5 Proven Behaviors That Boost Life Expectancy

by Jodi Helmer
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5 Proven Behaviors That Boost Life Expectancy

“Five Steps to Live Longer” might sound like a clickbait headline on a social media site but it is the premise behind new research published in the journal Circulation.

Researchers used data from almost 125,000 Americans who participated in the Nurses Health StudyHealth Professionals Follow Up-Study and National Health and Nutrition Examination Study between 1980 and 2014 to measure associations between lifestyle factors and premature death. Their analysis found that five lifestyle factors — eating a healthy diet, exercising regularly, maintaining a healthy body weight, not drinking too much alcohol and not smoking — could add more than a decade to life expectancy.

Researchers estimated that study participants who did not adopt any of the healthy lifestyle behaviors at age 50 had a life expectancy of 25.5 years for men and 29 years for women. Participants who adopted all five low-risk behaviors had a projected life expectancy at age 50 of 37.6 years for men and 43.1 years for women. In short, living a healthy lifestyle has the potential to add 12–14 years to your lifespan.

“Each healthy lifestyle [habit] was associated with 2–3 years of prolonged life expectancy; the more healthy lifestyle factors, the longer the life expectancy,” explains study co-author Yanping Li, PhD, research scientist at the Harvard T.H. Chan School of Public Health.

Let’s take a closer look at the payoff for each of the healthy behaviors:



Filling your plate with whole-grains, fruits, vegetables, fish and foods rich in omega-3 fatty acids could allow you to add a few more candles to your birthday cake, according to a New England Journal of Medicine study. Researchers found that those who showed the largest increase in healthy eating patterns reduced their risk of death during the 12-year study period up to 17%.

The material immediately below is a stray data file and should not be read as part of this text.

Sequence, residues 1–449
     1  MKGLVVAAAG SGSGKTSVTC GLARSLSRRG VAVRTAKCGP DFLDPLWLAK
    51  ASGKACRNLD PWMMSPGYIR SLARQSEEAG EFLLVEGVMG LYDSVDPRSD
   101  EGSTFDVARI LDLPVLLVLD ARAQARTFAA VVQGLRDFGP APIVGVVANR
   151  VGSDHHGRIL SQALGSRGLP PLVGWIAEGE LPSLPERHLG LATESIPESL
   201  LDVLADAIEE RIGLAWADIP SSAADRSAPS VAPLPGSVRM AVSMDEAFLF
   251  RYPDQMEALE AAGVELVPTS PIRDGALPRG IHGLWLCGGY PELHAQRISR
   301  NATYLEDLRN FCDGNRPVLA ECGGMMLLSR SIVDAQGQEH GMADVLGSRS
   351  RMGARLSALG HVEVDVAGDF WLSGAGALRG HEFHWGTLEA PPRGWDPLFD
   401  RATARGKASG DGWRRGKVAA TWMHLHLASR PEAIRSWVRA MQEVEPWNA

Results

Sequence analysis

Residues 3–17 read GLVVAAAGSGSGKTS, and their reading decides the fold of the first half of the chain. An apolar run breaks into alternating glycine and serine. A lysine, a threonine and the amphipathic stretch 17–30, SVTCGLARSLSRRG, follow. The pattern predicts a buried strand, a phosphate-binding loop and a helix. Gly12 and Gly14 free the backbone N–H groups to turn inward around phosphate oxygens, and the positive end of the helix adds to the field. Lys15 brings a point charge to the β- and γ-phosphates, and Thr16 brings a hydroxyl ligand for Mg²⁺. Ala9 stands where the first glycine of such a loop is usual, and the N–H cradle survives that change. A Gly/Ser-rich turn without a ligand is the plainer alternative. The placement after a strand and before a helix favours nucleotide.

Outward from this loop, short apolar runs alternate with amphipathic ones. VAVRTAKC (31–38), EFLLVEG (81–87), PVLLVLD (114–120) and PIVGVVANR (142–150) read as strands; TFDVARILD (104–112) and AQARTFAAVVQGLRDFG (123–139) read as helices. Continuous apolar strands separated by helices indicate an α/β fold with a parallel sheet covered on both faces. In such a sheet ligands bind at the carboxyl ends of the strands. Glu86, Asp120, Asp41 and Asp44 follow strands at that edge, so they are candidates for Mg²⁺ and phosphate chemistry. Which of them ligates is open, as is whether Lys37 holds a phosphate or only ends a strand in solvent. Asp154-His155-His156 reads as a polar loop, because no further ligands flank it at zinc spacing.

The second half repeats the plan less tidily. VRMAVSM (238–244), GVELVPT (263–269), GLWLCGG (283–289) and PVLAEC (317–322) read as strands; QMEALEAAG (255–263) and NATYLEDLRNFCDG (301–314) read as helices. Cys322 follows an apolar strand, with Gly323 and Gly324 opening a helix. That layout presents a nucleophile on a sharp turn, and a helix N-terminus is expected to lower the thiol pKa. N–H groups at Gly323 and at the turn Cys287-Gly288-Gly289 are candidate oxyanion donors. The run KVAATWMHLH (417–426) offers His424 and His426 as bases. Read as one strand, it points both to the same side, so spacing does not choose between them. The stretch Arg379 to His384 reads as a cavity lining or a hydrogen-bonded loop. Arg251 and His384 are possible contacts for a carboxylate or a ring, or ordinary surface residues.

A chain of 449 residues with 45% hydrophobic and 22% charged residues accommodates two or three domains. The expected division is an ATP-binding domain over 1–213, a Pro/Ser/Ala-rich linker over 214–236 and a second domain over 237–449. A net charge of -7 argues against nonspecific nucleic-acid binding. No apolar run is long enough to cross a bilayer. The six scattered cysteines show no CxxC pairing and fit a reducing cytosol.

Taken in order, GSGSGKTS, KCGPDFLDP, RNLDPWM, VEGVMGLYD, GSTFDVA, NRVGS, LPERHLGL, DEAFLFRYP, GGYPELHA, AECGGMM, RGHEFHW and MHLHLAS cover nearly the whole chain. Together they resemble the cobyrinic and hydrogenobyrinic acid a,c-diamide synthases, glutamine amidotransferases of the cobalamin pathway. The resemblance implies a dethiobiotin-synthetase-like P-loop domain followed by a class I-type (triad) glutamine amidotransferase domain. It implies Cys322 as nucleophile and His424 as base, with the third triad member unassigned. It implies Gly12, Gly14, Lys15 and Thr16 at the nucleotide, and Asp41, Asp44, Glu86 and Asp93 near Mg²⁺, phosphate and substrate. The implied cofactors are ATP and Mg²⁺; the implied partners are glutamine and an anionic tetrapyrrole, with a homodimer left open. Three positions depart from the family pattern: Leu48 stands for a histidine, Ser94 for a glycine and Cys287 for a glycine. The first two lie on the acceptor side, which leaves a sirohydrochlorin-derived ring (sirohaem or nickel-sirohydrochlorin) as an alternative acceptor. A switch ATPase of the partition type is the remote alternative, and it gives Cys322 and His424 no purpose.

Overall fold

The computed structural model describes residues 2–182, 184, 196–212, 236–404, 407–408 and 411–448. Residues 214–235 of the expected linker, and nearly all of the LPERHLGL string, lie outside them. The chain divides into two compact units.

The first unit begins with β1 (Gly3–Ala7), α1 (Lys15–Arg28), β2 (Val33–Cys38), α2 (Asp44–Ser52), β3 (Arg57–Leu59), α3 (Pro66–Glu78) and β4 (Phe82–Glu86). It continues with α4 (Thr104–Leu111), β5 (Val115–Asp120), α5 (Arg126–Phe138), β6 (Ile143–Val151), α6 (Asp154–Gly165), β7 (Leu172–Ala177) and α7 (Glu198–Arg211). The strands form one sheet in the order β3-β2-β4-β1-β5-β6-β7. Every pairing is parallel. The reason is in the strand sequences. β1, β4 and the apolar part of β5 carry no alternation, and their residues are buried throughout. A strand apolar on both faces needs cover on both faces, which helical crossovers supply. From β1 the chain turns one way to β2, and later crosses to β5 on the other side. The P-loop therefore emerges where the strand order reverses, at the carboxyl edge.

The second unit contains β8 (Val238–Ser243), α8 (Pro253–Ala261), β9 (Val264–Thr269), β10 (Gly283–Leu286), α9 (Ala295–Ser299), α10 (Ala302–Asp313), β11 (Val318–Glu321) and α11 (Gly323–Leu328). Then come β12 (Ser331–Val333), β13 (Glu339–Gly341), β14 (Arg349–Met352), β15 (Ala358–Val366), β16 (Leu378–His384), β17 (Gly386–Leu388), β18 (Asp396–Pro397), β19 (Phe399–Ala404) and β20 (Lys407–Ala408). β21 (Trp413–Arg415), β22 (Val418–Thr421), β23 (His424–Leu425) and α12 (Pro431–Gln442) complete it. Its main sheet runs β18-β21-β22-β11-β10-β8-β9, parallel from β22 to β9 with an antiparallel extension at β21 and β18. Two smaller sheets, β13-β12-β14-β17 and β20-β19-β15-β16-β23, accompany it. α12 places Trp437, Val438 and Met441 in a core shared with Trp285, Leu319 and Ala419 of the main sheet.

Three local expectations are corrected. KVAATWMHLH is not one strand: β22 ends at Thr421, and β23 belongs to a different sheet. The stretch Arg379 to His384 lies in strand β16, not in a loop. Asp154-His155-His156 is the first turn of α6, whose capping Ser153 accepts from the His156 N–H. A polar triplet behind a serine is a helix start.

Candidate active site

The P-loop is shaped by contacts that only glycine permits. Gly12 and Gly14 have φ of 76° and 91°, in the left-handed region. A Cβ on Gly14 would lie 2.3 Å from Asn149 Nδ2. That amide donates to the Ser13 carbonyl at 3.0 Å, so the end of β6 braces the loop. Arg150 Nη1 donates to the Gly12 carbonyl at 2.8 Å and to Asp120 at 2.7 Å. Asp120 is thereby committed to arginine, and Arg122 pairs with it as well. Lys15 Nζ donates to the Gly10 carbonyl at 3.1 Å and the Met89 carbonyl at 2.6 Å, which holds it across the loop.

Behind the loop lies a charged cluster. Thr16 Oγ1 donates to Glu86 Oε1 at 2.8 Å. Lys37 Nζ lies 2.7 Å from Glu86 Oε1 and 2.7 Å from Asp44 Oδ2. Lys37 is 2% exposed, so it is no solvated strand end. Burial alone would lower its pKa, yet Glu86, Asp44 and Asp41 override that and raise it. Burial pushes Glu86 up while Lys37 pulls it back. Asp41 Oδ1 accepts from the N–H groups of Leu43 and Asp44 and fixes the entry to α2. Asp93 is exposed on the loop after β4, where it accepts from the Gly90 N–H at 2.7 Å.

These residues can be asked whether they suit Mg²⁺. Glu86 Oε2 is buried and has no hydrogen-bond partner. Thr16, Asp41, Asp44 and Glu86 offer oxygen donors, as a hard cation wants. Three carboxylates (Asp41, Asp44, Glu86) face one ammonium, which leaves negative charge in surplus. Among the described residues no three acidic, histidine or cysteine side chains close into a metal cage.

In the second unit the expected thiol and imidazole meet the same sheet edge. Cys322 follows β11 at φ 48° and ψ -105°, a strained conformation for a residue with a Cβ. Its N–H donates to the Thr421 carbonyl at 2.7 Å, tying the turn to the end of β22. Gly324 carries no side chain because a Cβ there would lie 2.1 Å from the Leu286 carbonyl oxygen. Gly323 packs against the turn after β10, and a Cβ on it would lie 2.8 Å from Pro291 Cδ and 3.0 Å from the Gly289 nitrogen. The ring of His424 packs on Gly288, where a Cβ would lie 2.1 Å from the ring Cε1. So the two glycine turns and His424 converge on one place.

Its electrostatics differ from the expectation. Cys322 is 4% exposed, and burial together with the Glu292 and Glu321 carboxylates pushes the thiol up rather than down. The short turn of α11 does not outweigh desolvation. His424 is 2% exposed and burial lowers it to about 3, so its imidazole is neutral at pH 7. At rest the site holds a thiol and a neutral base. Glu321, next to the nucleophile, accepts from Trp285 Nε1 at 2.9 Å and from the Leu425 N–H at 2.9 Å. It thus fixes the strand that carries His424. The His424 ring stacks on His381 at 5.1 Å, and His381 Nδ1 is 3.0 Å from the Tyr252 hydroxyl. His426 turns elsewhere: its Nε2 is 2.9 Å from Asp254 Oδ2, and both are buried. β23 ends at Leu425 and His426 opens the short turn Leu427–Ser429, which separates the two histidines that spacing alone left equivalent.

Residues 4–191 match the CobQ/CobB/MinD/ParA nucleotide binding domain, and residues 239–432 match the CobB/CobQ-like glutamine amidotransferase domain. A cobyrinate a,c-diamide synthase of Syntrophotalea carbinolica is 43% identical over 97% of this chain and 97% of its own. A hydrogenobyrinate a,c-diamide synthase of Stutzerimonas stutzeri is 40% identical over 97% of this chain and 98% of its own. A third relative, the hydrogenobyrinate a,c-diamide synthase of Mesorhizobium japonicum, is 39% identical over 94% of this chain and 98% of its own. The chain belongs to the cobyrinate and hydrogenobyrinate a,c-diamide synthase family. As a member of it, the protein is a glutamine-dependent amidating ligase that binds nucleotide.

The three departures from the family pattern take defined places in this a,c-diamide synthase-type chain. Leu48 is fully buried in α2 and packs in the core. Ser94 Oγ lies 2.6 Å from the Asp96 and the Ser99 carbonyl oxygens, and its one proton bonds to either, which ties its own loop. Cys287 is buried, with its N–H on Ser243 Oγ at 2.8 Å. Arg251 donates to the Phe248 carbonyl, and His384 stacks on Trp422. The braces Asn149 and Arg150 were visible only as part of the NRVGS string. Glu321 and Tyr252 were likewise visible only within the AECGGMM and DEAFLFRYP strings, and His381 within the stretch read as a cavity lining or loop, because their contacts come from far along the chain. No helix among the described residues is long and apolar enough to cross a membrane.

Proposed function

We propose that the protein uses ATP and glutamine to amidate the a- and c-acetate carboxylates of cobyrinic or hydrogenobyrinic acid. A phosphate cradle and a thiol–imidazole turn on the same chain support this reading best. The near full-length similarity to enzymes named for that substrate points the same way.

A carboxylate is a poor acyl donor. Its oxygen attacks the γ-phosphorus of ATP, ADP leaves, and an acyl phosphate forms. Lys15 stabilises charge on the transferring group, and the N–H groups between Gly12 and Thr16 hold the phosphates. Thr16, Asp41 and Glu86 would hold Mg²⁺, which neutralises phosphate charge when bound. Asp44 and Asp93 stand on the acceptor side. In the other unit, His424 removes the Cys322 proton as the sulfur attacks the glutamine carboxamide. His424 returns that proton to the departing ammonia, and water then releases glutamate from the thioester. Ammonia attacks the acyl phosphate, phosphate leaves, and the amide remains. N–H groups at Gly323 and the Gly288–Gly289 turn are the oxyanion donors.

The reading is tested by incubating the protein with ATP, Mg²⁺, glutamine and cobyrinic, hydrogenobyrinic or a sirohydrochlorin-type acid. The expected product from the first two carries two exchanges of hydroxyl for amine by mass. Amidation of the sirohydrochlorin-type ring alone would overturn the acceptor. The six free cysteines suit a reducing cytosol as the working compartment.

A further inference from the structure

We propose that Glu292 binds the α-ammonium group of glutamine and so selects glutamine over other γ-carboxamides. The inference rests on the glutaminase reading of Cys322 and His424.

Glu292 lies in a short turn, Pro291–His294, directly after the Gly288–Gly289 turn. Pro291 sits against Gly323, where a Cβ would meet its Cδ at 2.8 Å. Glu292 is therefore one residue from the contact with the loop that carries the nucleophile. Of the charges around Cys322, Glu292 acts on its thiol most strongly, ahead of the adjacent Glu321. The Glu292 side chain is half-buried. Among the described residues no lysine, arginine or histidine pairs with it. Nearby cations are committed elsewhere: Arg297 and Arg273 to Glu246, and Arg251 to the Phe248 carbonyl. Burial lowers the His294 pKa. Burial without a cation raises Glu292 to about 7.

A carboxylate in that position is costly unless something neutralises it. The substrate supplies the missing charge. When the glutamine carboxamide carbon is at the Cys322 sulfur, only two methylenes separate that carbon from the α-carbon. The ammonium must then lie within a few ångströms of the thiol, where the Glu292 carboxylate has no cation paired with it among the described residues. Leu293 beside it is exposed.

Logging the recommended 150 minutes of moderate-intensity physical exercise per week can add years to your life. One study found those who hit the exercise target lived as much as 4.5 years longer than their more sedentary peers. Researchers cited weight management; improved bone, muscle and joint health and reduced risk of certain diseases, including some cancers, as the key reasons for the association between exercise and longevity.



Being overweight or obese increases your risk for a host of health problems from Type 2 diabetes and kidney disease to high blood pressure and heart disease. It can also shorten your lifespan. Research published in the journal Nature found that every one-unit increase in body mass index (BMI) was associated with a seven-month decrease in life expectancy. In other words, a 5-foot-4 woman who weighs 140 pounds would only need to gain 5 pounds to increase her BMI from 24 to 25; an 11-pound weight gain would increase BMI to 26, according to the National Institutes of Health BMI chart.



Although moderate consumption of alcohol has been associated with health benefits like lowered risk of cardiovascular disease, one study found drinking more than 100 grams of alcohol per week — the equivalent of seven drinks — lowers life expectancy. The research found that those who drank 350 grams of alcohol per week lived up to five years less than those who consumed fewer than 100 grams of alcohol per week.




The research is clear: smoking kills. Butting out — or never lighting up in the first place — could not only save your life, it could help you live a longer life. Smoking can cut 10 years from your lifespan, but quitting before age 40 can give you back that lost decade, according to research published in the New England Journal of Medicine.

“Some of smoking’s effects do improve with time,” notes Dr. MeiLan Han, MD, associate professor of medicine at the University of Michigan and spokesperson for the American Lung Association.

While quitting helps decrease the risk of dying from lung cancer and coronary heart disease, it can cause permanent damage to the lungs. Your best bet: Avoid lighting up in the first place. If you are a smoker, take heart, advises Han.

“It’s never too late to quit,” she says.

If making multiple healthy changes feels overwhelming, Li advises, “Everybody should find the level that is most suitable for themselves. There will be a great pay back of prolonged life expectancy with each small step toward a healthier lifestyle.”

About the Author

Jodi Helmer

Jodi Helmer writes about health and wellness for publications like WebMD, AARP, Shape, Woman’s Day, Arthritis Today and Costco Connection among others. She often comes up with the best story ideas while hiking with her rescue dogs. You can read Jodi’s work or follow her on Twitter @helmerjodi.


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